“In the Shadow of Ebola”, a short documentary produced by Greg Mitman, a professor of History of Science, Medical History, and Environmental Studies and member of the Global Health Institute Advisory, is now available to stream online on PBS/Independent Lens.
“In the Shadow of Ebola” is an intimate story of a family and a nation torn apart by the Ebola outbreak. The documentary weaves together a family’s personal story with the story of a nation, as Liberian perspectives and voices come together to connect Ebola’s lasting effects across borders. The film ultimately highlights the importance of history, public health infrastructure, and trust in addressing the Ebola outbreak.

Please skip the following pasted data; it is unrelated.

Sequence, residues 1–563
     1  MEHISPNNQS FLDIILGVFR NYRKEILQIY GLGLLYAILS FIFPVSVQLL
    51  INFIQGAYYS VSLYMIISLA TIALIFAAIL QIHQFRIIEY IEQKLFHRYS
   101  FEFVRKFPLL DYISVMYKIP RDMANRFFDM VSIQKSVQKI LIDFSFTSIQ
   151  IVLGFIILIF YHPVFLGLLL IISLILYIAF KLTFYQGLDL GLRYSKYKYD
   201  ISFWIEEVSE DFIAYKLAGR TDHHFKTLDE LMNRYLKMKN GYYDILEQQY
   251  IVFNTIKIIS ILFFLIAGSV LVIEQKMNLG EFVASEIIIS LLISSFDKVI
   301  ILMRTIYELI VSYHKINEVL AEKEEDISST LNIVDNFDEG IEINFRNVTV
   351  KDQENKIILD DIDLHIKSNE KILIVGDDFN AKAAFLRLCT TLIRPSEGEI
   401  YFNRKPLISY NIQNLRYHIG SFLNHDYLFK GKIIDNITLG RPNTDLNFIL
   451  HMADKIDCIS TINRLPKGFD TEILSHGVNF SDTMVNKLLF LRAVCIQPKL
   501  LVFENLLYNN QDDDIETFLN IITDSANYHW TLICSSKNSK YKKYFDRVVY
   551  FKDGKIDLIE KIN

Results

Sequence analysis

“Until we can put a face on it, Ebola seems pretty remote,” Mitman says. “This movie offers a personal look at what life has been like for people living through the worst Ebola outbreak in history.”
“In the Shadow of Ebola” is a perfect learning opportunity for classes in global health, and is being used by the Center for Disease Control this summer as part of its mandatory training program for incoming Epidemic Intelligence Service officers.
While most of the focus of Ebola in Liberia may be on a country stuck by hardships and misunderstanding, this film showcases the resolve and resilience of Liberians in combating the epidemic, Mitman says.
“Even when the disease is contained the memory of the disease will remain,” Urey explains in the film. “In terms of hunger, in terms of food security, in terms of the lives that are lost in the process. The memory of Ebola is going to continue.”
You can screen the film at http://www.pbs.org/independentlens/in-the-shadow-of-ebola/